11. by   Cdn_Psych
    kday,


    Wow, are you always this hostile?

    I don't understand why you're so opposed to having a single-payer system. If you have a choice of paying taxes to pay for your health care, or paying much more to a private corporation, why on earth would you choose to pay more? It hardly seems wise or reasonable to me.

    As for keeping "socialized medicine" in Canada, well, I feel no urge to export the Canadian system to the USA (even though I think it is vastly superior to the US system). I'm far more interested in seeing the US system stay out of Canada, because it's not as good as what I already have (by just about any measure - cost, universality, or morbidity & mortality).


    Originally posted by kday
    Cdn: Your system IS socialist. That's why it's called socialized medicine. Glad you like it. Keep it in Canada.

    Also, no duh I can get communicable diseases. Here's the catch...I WORKED HARD to develop a nice savings, a nice cushion to my checking account, to become debt-free, and to have a job that offers healthcare that I pay for. SO...if I get TB, I will not be asking the rest of the country to ante up to pay for my infection.

    Call me callous, call me whatever...that's also another beauty in America that's now fading thanks to the p.c. movement...FREEDOM OF SPEECH.

    As for what we pay for others' healthcare via taxes, what about the mark-up we get in our regular hospital/medical care to pay for those who 'can't.' Don't give me this 'working poor' junk. My family WAS the 'working poor.' They sacrificed cable tv, nice cars, nice clothes, name brand food, pets and lots of other luxuries most people think of as 'necessities' to get by. I was one of the 'working poor.' I baked my own bread in 25 cent loaf pans I bought at the salvation army. We pinched EVERY PENNY. My one 'luxury?' A $4.98 bag of bird seed once a month so I could sprinkle it on the patio to watch the wild birds eat it. Since we couldn't AFFORD a pet, this was my way of having a 'pet.'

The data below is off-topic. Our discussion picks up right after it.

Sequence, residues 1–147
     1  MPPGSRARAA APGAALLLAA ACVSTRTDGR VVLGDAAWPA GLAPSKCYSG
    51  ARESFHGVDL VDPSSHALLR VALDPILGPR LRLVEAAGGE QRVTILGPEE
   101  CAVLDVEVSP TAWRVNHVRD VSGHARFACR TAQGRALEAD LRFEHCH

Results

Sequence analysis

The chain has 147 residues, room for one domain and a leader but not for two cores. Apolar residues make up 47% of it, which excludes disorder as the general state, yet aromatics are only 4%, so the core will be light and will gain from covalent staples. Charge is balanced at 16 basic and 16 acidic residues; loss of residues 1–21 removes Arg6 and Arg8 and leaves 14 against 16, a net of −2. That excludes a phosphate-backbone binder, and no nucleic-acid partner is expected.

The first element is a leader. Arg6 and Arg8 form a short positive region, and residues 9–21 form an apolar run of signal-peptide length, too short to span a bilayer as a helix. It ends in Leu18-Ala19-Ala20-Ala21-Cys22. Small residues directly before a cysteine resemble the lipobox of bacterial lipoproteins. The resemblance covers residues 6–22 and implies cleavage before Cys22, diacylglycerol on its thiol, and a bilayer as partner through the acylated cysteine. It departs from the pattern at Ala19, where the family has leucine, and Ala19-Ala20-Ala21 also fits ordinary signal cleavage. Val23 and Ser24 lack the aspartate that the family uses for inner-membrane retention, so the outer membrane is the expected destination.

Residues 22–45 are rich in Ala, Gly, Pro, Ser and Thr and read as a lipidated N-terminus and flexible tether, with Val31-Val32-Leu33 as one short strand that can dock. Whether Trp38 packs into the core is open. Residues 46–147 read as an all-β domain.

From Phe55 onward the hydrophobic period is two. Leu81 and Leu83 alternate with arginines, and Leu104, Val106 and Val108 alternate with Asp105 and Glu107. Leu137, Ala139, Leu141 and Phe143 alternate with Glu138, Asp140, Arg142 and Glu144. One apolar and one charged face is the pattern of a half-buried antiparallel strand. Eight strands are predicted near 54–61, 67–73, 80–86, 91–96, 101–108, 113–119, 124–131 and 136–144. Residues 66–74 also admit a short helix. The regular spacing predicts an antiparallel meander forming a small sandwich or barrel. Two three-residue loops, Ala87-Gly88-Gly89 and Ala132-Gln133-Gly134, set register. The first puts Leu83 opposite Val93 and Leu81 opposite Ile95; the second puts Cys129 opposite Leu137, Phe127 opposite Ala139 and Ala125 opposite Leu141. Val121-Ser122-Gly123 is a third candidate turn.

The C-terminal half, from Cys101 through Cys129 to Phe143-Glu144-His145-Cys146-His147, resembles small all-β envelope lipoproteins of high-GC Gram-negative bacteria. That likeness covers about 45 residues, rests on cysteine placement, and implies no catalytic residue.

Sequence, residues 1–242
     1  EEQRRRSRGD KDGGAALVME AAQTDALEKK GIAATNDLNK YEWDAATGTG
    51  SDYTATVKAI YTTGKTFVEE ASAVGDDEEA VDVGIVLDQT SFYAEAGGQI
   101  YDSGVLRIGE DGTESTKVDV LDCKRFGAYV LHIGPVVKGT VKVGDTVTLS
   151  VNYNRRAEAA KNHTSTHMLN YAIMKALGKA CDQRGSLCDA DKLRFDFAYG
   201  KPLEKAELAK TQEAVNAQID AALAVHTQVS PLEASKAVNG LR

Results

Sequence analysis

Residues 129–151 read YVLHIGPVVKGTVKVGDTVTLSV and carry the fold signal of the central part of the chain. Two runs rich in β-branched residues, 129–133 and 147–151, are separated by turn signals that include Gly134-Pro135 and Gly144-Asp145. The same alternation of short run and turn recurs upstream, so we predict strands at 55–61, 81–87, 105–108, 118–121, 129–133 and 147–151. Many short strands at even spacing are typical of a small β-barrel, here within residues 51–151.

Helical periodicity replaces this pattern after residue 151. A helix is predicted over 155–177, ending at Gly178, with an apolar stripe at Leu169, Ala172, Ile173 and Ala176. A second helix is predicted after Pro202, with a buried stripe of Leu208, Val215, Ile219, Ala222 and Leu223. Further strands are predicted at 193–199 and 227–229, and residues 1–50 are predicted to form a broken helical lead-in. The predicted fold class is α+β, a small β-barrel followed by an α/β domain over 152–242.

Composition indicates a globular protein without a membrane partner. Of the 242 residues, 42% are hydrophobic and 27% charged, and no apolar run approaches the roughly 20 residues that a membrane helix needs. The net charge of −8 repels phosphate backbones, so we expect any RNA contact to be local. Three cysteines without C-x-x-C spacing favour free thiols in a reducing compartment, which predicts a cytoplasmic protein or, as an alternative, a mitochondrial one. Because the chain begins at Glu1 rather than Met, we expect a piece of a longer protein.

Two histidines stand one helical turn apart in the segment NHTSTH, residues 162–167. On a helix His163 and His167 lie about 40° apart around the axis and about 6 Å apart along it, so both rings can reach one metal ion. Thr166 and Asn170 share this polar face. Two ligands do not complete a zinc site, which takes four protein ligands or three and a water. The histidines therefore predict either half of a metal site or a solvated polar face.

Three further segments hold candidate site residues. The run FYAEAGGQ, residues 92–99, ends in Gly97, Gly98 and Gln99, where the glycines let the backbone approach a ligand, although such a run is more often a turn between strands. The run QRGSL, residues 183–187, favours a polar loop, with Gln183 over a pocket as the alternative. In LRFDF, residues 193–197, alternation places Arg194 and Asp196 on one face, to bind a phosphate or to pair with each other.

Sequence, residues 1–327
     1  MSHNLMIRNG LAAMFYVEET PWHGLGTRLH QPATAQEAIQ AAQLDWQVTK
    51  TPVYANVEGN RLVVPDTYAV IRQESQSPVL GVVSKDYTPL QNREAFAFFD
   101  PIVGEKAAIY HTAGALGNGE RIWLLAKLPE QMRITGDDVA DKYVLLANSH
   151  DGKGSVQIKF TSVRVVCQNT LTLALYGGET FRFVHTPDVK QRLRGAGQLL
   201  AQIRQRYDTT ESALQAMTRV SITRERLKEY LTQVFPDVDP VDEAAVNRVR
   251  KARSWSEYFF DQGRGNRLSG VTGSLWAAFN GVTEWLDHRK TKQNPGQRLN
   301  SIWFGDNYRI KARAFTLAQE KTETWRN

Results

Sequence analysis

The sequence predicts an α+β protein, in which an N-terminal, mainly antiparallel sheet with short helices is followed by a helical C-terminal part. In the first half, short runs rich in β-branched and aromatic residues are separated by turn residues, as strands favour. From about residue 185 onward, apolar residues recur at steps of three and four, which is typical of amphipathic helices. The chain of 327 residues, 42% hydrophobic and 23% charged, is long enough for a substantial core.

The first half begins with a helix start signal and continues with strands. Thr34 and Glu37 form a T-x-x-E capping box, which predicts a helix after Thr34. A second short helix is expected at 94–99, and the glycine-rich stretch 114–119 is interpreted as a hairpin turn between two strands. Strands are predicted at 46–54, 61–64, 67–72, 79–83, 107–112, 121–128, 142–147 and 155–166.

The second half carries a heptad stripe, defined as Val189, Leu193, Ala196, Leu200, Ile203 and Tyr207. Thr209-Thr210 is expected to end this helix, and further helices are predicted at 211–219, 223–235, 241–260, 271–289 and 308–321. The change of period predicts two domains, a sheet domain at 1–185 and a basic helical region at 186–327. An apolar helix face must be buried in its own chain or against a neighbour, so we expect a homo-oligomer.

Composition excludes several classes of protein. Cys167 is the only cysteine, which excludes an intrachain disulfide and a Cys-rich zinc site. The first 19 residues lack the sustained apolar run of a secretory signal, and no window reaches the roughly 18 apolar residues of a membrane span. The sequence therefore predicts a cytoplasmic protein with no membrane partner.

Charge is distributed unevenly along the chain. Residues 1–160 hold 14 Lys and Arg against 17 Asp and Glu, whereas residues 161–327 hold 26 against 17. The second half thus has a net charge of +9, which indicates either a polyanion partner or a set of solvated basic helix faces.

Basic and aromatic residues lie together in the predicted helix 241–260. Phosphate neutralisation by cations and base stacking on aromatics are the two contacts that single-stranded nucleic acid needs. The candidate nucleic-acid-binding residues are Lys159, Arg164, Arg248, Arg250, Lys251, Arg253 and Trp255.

My sister worked for the state government before she had a baby, and she saw firsthand the amount of waste and fraud plaguing the already inept system we have. If I wanted to, right now, I could drop everything and live on the govt. dime. This 'not having access' is bull. It's called being LAZY. Like my friend who got pregant out of wedlock at age 16, and when questioned why she didn't go ONE MILE down the street to get FREE ocp's? "It was too far." You bet your butt once her baby was born, however, it wasn't 'too far' to go get her WIC check, food stamps, and AFDC money.

    Sob stories don't cut it for those of us who have been poor and gotten out of it through hard work and saving. It just makes me nauseous, all this bleeding heart mess. My own FATHER came out of IMMENSE poverty and horrible physical abuse in his family. He CHOSE to get grants to go to college, study, get a good job, and SAVE. He CHOSE to get counseling and delay having children so he wouldn't perpetuate the cycle of abuse with his own children. He and my mother CHOSE to pinch pennies and cut corners to give a decent life to me and my sister.

    Whatever. Think what you want about the indigent of this society. Just don't ask/force me to pay for them.
  12. by   RNed
    Fiestynurse, Natalie and our Canadian post correctly identifies there are social systems within many forms of government and it does not indicate we live in a socialist/communist society.

    However, we must remain cautious when it appears the resolve to our problems can "only" be a defined social program. How much is enough? At what percentage are the working class going to be mandated to pay the nonworking or working poor to correct their problems?

    Generally, we have defined them in this post as the "haves" and the "have nots".

    Should there be a limit of support and why is it important that healthcare be designated a "right" rather than a "choice"?

    We continue to accept insurance and healthcare as the same words. This mistake has wasted time and resources needed to institute a fair healthcare policy. A policy needed, but, one I do not support as a "right". I do not believe providing "insurance" to society provides "healthcare" to society.